Fresh Poultry
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In practice, “Fresh Poultry” means Raw Poultry and can either be freshly butchered Poultry if you live on a farm, or more typically, refrigerated poultry if you are a home or restaurant chef. Frequently, Free Range and/or Organic poultry will not be frozen and will also carry the label “Fresh Poultry.”


Fresh Poultry is extremely perishable.  It should remain out of The Food Danger Zone as much as possible, even including purchasing it last, just before you check out, and transporting it home.

Fresh Poultry is best used within 24 hours of receiving it, but, can keep at most 4 days under constant refrigeration. Be very careful when working with Fresh Poultry as it can carry Salmonella

Avoid Cross-Contamination by washing all equipment, utensils and cutting surfaces after working with raw Fresh Poultry.  Don’t let the juices from raw Fresh Poultry drip into or onto other foods, especially already cooked foods.

Most chefs and experts will prefer Fresh Chicken to Frozen Chicken. Fresh has better taste and texture. Frozen product is subject to evaporation and moisture loss during the freezing process.

Roughly one third of the fresh Chicken sold in the U.S. is “plumped” with water and salt.  It can also have added to it a seaweed extract called Carrageenan that helps it retain extra water. A plumped fresh Chicken can still be labeled “All Natural” or “100% Natural” according to U.S. Department of Agriculture.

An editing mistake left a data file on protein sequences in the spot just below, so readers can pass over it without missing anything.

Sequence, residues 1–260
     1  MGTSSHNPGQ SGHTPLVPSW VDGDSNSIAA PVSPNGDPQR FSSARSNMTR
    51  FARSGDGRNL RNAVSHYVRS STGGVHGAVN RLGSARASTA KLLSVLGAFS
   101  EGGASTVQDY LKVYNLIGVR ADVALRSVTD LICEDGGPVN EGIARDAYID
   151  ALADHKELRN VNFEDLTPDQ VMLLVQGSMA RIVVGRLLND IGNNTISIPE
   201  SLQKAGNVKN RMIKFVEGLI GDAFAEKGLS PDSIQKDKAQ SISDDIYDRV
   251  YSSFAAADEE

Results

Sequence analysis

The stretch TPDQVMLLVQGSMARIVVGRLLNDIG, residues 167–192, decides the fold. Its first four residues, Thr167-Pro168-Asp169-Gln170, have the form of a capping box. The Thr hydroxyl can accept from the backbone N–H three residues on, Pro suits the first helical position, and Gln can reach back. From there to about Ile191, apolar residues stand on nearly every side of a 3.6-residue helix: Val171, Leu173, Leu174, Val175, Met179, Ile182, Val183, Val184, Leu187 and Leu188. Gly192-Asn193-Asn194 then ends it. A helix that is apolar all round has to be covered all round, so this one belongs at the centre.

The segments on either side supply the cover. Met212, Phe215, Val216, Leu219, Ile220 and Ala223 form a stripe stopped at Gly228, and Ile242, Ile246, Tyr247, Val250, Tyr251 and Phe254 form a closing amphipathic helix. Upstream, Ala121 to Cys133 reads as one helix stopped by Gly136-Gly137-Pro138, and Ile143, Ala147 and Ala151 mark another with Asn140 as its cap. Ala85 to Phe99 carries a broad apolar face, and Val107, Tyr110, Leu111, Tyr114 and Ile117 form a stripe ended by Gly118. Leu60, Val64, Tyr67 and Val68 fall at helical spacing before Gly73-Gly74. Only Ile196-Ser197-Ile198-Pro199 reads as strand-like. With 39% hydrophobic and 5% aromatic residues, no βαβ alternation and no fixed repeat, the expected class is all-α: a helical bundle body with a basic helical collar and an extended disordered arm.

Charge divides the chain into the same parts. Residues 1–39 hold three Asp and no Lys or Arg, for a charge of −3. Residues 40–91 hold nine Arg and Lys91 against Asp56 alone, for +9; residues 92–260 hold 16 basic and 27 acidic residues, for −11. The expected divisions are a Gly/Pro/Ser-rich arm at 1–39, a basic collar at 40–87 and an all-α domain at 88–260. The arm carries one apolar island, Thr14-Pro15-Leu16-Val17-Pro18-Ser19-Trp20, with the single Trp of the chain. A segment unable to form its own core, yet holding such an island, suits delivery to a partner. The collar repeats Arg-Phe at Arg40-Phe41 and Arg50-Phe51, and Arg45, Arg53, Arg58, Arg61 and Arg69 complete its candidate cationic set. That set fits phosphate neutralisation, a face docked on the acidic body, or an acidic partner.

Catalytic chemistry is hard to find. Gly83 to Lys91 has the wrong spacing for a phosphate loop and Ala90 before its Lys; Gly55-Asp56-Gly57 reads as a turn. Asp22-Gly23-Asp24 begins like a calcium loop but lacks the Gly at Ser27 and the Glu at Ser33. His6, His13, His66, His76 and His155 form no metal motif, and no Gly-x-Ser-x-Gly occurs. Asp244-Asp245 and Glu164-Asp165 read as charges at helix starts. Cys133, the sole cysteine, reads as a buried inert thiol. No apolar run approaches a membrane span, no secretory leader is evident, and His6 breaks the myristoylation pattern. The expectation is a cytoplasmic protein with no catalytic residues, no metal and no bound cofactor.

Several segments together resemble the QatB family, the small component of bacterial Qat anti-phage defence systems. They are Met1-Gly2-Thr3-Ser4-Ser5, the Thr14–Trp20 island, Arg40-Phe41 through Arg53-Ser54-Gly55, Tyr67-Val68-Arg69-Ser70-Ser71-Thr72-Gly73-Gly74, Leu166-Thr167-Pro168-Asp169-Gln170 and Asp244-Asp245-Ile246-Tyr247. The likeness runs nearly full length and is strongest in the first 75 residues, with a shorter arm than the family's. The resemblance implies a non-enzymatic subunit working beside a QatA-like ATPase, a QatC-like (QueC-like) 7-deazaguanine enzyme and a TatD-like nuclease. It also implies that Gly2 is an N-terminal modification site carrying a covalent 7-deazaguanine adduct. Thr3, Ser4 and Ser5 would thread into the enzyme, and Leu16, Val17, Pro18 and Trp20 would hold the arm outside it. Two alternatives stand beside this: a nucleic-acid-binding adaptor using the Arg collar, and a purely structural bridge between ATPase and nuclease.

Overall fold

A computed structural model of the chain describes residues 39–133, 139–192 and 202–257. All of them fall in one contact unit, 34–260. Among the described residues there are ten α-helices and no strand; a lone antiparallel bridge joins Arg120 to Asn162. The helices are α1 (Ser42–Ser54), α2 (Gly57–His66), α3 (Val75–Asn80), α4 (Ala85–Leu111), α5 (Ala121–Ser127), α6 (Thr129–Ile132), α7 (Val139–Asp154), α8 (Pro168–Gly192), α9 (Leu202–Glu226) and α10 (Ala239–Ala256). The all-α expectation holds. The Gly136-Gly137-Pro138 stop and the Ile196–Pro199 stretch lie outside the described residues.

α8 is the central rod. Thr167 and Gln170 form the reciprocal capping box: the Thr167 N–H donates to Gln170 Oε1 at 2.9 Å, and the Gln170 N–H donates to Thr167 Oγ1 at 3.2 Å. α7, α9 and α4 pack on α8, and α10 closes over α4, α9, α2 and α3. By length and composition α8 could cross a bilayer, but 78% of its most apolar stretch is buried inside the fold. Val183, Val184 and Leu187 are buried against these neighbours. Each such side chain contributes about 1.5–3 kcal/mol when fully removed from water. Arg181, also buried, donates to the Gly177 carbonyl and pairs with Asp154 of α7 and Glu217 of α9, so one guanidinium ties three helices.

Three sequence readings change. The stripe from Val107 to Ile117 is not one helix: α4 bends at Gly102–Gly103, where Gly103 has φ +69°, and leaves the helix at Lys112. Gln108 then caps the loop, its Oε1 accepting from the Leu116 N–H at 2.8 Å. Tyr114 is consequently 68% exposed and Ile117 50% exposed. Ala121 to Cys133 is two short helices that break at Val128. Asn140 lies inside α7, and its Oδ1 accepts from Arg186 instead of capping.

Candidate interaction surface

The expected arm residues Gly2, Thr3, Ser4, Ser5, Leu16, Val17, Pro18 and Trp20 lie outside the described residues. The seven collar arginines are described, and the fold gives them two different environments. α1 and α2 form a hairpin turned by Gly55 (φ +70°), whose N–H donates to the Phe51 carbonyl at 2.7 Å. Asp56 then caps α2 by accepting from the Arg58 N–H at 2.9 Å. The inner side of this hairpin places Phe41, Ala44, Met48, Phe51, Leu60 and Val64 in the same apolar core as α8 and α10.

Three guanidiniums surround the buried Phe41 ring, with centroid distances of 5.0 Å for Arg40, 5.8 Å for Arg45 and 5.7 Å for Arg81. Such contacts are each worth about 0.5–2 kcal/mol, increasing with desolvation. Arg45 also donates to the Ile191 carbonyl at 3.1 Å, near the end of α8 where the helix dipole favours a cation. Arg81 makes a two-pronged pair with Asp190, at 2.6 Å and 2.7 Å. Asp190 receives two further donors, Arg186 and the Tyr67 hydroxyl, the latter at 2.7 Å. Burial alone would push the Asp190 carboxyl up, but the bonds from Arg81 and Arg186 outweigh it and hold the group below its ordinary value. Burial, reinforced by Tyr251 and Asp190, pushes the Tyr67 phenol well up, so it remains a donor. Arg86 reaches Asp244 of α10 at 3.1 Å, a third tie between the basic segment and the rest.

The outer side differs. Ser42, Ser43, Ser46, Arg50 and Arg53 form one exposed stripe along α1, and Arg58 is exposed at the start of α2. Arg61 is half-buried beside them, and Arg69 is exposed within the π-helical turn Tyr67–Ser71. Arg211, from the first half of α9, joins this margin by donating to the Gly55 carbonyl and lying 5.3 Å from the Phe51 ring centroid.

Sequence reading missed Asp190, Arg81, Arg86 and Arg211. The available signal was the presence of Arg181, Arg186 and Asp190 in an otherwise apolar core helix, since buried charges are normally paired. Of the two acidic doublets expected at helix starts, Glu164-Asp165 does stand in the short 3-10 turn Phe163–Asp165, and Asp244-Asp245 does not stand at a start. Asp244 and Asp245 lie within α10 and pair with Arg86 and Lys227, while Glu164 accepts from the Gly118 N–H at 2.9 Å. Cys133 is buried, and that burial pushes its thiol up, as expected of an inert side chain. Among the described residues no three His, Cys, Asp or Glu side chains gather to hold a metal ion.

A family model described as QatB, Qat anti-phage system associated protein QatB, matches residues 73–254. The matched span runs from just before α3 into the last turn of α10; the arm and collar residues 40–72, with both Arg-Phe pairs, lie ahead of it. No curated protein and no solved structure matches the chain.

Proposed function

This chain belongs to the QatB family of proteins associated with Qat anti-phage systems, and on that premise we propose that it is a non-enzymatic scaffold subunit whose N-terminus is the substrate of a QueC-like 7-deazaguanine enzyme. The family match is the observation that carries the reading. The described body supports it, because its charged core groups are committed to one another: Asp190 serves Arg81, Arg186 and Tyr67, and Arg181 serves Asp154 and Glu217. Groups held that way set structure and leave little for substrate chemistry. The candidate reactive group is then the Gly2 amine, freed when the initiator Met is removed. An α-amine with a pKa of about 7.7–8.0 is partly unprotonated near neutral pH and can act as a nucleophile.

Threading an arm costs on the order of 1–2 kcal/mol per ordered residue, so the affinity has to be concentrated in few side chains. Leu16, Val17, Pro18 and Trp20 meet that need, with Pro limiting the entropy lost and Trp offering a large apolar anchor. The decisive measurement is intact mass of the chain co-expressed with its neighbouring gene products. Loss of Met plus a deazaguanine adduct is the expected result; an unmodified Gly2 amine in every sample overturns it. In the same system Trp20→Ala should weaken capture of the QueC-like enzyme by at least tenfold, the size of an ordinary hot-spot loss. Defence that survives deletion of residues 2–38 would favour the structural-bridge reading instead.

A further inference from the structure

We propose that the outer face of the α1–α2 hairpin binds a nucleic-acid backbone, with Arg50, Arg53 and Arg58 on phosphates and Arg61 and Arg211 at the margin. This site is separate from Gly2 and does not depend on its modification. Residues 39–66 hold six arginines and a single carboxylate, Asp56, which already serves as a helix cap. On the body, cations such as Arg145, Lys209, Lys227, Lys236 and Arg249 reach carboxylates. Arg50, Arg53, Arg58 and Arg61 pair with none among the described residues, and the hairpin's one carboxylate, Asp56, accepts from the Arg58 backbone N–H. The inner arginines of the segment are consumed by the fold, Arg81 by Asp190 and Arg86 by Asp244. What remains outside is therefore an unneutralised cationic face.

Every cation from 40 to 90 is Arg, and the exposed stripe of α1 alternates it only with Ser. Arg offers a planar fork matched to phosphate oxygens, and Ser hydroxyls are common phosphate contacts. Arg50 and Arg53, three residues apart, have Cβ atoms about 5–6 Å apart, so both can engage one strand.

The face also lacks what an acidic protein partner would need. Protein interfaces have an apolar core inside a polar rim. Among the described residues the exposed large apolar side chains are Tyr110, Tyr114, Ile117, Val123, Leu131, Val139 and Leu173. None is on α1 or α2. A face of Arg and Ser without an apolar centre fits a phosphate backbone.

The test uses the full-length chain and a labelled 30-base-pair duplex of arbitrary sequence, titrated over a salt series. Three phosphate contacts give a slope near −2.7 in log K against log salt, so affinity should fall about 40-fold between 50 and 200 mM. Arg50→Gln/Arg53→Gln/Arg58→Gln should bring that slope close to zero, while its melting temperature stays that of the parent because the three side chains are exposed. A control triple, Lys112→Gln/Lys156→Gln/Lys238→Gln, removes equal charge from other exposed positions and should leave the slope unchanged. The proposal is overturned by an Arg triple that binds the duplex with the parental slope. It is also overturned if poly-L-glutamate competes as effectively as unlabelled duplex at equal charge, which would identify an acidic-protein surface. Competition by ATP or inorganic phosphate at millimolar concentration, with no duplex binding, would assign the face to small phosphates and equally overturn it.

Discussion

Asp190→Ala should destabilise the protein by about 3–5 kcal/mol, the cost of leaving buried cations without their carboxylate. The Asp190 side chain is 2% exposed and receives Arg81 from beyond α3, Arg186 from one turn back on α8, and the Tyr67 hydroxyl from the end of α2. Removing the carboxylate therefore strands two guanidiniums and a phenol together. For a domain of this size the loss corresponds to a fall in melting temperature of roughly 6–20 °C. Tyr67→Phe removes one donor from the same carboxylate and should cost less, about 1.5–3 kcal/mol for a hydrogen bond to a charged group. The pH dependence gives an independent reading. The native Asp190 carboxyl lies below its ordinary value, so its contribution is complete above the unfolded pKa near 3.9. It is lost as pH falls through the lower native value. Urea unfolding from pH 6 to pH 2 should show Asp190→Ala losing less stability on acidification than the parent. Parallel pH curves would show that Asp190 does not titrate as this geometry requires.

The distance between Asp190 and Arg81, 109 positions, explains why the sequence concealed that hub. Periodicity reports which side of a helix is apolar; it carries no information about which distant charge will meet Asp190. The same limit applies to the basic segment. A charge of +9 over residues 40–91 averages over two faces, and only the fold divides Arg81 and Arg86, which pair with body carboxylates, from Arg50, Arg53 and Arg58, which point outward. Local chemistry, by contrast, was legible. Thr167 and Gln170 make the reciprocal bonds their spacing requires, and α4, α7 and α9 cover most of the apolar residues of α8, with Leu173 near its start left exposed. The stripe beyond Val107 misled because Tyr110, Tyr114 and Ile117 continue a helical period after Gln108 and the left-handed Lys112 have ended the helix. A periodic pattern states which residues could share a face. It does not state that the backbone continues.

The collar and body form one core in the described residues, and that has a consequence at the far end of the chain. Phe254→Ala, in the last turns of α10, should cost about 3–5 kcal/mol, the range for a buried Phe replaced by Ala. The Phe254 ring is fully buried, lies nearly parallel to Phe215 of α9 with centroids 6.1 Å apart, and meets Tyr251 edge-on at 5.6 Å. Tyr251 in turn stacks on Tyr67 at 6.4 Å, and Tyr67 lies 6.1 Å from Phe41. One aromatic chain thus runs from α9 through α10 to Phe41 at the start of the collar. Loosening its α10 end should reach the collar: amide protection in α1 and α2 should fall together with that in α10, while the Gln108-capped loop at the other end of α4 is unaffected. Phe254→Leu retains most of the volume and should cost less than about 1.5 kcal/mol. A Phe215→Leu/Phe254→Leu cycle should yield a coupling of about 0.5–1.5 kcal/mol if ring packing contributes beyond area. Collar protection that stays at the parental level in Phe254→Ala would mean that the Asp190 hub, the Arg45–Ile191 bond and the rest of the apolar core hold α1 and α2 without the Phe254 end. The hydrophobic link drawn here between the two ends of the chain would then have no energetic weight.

Fresh can also mean Live Poultry. Many Asian markets and slaughterhouses still sell live birds which are cooked as a traditional family ritual. Some Buddhist sects also make offerings of live poultry to their ancestors.


Poultry is typically distributed as either Fresh Poultry or Frozen Poultry. According to the FSIS’s definition of fresh poultry since 1997, “Fresh" means whole poultry and cuts that have never been frozen or specifically taken below 26 °F (-3.33°C), which is the temperature at which poultry freezes.

In practice, Fresh Poultry can include both refrigerated and live poultry. We are most likely to see refrigerated poultry in our normal shopping venues, but Asian Markets and Asian Butchers do specialize in selling Live Poultry for special occasions and ceremonial uses.

Fresh refrigerated Poultry should always have a sticker or statement saying, “Keep Refrigerated.”


Non-plumped chicken has about 45 to 60 mg of sodium per 4-ounce serving. Plumped chickens have between 200 to 400 mg of sodium per serving, almost the same amount of sodium as a serving of French Fries, making plumped, fresh chicken a bad deal.

The best way to tell if the chicken you are considering has been plumped and/or contains carrageenan is to read the nutritional and ingredients labels.